As he looked back on it, his early life seemed to him a failure. He did not become a football hero, he missed the presidency of the Triangle Club, in the war he never got overseas. Poverty almost kept him from marrying the girl he loved. It seemed, he wrote, that “there were to be no badges of pride, no medals after all.” But now, as he had written poetry for his school magazine to recover prestige lost on the football field, he wrote This Side of Paradise. The novel made him rich; Zelda Sayre married him. The possibility of success was thus demonstrated. “Life,” he decided, “was something you dominated if you were any good. Life yielded easily to intelligence and effort, or to what proportion could be mustered of both.” Yet a few scars remained; after all, he had almost lost his wife, and describing himself he wrote: “The man with the jingle of money in his pocket who married the girl a year later would always cherish an abiding distrust, an animosity toward the leisure class—not the conviction of a revolutionist but the smoldering hatred of a peasant. In the years since then I have never been able to stop wondering where my friends’ money came from, nor to stop thinking that at one time a sort of droit de seigneur might have been exercised to give one of them my girl.” And so he went on “distrustingthe rich, yet working for money with which to share their mobility and the grace that some of them brought into their lives.” His own life was a scramble for success, a fight against great odds, and one in which money was, if not an end in itself, at least a powerful ally. He expressed the conflict in terms which could well describe the problem of his own heroes: “I must hold in balance the sense of the futility of effort and the sense of the necessity to struggle; the conviction of the inevitability of failure and still the determination to ‘succeed’…” In his own case, the balance was finally upset; futility and failure tipped the scales to the point where he could write “I think… that in an adult the desire to be finer in grain than you are, ‘a constant striving’ (as those people say who gain their bread by saying it) only adds to… unhappiness in the end—that end that comes to our youth and hope.” He himself failed as tragically as any of his characters: “The old dream of being an entire man in the Goethe-Byron-Shaw tradition with an opulent American touch, a sort of combination of J. P. Morgan, Topham Beauclerc, and St. Francis of Assisi has been relegated to the junk heap of the shoulder pads worn for one day on the Princeton freshman football field and the overseas cap never worn overseas.” But this did not come until 1936.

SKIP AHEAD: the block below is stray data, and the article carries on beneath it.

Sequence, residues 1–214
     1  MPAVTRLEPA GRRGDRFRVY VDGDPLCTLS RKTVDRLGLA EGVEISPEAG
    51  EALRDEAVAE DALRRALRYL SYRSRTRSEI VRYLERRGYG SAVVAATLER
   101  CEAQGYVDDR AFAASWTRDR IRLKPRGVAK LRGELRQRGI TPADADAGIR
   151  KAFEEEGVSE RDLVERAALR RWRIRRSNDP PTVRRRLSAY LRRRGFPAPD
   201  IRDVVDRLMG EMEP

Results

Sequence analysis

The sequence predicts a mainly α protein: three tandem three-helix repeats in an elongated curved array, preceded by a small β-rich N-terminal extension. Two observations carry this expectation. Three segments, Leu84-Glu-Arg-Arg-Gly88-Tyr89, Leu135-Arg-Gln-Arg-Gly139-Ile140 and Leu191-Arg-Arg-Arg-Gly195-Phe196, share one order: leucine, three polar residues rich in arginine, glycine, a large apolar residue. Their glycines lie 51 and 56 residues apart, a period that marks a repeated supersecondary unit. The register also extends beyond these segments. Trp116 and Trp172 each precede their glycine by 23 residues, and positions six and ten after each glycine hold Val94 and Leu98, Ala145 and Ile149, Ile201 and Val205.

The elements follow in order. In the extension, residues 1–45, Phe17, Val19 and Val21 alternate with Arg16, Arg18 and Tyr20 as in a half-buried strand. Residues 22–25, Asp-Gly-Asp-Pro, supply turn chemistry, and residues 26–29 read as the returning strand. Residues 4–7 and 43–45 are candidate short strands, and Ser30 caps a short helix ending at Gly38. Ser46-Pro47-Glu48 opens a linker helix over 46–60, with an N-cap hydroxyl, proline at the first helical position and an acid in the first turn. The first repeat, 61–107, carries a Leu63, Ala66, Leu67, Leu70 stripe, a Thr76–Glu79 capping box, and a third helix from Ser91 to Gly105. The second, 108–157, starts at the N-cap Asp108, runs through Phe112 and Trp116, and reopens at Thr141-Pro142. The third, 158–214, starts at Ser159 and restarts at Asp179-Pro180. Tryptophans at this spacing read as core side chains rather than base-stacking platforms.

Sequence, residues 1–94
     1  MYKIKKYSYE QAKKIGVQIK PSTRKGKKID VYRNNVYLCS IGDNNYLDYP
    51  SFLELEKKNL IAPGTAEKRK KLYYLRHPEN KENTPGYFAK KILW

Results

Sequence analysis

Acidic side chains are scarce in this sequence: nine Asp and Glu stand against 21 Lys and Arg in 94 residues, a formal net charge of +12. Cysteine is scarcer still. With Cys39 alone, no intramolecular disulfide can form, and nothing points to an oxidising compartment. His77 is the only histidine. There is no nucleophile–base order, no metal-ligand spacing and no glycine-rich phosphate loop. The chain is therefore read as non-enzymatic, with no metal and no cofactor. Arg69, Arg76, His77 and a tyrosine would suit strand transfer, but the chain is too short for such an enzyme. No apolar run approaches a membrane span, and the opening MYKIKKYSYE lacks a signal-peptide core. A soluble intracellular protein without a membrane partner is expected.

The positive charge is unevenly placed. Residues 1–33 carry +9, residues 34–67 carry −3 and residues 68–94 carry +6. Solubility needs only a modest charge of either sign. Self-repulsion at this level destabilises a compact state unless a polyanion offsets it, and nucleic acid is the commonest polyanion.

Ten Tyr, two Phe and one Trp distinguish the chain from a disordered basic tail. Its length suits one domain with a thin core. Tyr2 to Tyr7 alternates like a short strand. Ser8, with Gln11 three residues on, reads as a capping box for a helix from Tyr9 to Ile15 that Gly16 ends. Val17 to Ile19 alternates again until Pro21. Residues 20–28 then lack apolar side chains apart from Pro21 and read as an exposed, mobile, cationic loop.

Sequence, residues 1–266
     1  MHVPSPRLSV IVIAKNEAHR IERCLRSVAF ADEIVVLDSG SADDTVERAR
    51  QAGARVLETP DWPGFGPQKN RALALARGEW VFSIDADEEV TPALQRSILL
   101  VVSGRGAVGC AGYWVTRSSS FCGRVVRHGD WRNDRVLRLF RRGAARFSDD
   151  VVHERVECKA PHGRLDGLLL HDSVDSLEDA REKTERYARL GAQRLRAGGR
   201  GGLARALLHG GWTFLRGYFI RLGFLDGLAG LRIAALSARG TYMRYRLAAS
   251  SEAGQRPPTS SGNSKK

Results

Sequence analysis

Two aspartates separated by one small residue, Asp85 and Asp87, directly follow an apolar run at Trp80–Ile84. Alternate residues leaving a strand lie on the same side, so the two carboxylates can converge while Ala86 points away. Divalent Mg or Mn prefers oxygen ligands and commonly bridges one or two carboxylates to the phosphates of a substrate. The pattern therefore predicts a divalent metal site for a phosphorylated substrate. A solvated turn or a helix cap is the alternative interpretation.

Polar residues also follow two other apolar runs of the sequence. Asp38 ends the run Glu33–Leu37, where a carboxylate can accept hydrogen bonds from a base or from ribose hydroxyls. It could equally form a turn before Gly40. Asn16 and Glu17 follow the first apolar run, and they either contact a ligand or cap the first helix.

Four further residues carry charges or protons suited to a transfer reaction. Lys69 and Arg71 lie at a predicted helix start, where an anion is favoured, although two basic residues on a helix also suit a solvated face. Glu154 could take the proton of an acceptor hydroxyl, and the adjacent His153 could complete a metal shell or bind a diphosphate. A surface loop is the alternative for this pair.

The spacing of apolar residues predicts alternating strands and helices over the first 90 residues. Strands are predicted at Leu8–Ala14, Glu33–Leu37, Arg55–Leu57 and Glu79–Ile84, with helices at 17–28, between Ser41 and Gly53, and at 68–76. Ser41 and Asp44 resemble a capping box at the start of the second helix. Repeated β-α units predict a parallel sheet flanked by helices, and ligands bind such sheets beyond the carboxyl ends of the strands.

“The necessity to struggle,” “the determination to ’succeed,’” “the old dream of being an entire man”—here are the motifs of Fitzgerald’s work. And associated with them there is always wealth—“an opulent American touch.” Money drew him with a golden spell; there is in American literature no more penetrating investigation of certain aspects of its power. Not that Fitzgerald was ever very concerned with how money was made. The analyses of a Dreiser, a Norris, or an Upton Sinclair were not for him. Most of his characters have made their million before they appear in his pages—in railroads, in mines, in oil—it really does not matter. But there is no naivete in this summary dismissal of origins. Fitzgerald was under no illusions as to the means by which a fortune is generally acquired. His interest lay in another direction: the fortune being made, what could be done with it, what was done with it? Wealth meant power, magnificence; andit was the only road to power. There are no old families in Fitzgerald. None of his heroes traces his ancestry to the Mayflower. A few times, chiefly in short stories, he tentatively explored the relationship between Southern “first families” and Northern money, and the South hardly wins even a moral victory. The very panoply and ostentation of extreme wealth bewitched him: Dick Diver rides in the motor car of the Shah of Persia, an extra-long, jewel-incrusted vehicle with wheels and radiator of silver; when thirteen-year-old Amory Blaine is stricken with appendicitis, Italy bound, four hours out from land, the great ship wheels slowly and returns him to New York. It was not life, Fitzgerald wrote, but it was magnificent. Sometimes his visions of riches passed beyond all reality and found expression in fairy tales such as “The Diamond as Big as the Ritz.”